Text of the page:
So you wanna be a writer?

Mountain Xpress asked Bill Brooks for a few general guidelines to help those of us who are still laboring away at our own novels and short stories. Bill’s advice:

• “Writers write, and everyone else talks about it. To become a published, professional writer, you have to a) study your craft, and b) practice your craft. That’s it.”

• “Practicing means writing every day. Be focused. You cannot succeed, in this or anything else, unless you become highly focused, and maybe even a little driven. You have to realize what it is you want to achieve.”

• “Write the type of book that you would enjoy reading, no matter what type of book that is: If you’re going to write a western, make sure it’s the type you would like, whether it’s a dark, horror-tinged western, or more conventional, like Louis Lamour.”

• “Know what your skills are, and what your limitations are, so that then you can go beyond them. If you know that you can’t write the Great American Novel, don’t try. Write the novel that you can write. Learn from it, and hopefully, the next novel you write will be closer to the Great American Novel.”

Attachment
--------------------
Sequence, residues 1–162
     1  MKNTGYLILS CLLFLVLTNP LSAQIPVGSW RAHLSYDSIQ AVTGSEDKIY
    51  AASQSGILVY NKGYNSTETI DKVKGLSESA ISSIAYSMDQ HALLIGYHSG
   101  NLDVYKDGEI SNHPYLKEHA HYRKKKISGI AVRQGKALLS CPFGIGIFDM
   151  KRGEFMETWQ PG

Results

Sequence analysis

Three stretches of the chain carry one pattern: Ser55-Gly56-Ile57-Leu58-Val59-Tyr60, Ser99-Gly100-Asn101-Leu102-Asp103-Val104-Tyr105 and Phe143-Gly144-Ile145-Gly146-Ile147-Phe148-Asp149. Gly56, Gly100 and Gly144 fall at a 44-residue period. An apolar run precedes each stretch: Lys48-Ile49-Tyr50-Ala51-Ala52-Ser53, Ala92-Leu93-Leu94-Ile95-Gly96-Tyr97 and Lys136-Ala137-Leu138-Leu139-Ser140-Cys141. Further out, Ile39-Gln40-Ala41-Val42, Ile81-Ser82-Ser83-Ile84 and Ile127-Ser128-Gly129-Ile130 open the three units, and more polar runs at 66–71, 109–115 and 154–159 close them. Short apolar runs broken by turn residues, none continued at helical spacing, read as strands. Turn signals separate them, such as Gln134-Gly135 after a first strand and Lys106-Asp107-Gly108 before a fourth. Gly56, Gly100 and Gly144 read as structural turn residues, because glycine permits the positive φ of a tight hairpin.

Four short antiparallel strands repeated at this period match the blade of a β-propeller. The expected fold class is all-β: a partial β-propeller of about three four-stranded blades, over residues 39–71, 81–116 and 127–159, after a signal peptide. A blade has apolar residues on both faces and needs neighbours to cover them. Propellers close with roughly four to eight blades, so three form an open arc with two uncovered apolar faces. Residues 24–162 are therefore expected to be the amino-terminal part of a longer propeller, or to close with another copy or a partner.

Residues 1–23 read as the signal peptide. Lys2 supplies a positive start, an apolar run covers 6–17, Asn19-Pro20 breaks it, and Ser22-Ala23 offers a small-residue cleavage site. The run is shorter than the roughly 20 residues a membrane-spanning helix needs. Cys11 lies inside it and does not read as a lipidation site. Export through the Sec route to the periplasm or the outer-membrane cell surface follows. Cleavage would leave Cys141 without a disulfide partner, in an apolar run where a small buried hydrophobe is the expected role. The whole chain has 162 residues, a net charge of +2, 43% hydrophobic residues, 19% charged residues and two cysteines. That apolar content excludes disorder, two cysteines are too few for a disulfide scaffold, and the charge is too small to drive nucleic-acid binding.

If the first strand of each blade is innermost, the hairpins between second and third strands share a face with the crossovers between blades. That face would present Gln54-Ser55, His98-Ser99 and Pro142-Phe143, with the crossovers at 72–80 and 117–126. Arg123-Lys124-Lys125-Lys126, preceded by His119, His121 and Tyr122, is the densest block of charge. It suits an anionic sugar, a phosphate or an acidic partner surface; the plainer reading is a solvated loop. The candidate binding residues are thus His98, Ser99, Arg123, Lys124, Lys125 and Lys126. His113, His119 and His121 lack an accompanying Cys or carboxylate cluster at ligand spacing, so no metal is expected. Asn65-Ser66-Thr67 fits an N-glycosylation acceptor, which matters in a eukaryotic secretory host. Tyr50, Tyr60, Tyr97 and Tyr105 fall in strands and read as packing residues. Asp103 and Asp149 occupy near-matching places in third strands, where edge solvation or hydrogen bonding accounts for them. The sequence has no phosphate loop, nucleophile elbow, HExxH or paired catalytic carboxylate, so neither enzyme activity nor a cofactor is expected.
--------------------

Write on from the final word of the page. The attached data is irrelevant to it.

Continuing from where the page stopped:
• “Understand that, whatever you want, you have to sacrifice something else to get it. The thing that causes most ‘wanna-be’ writers to stumble is that they’re not focused and don’t develop the self-discipline — because they let everything else in their lives get in the way. You can’t do that. You have to become very disciplined, and give up other things to go and sit by yourself for those hours when you want to produce. If you do this, and you have a little talent, you’ll probably become a published writer.”


Thanks for reading through to the end…

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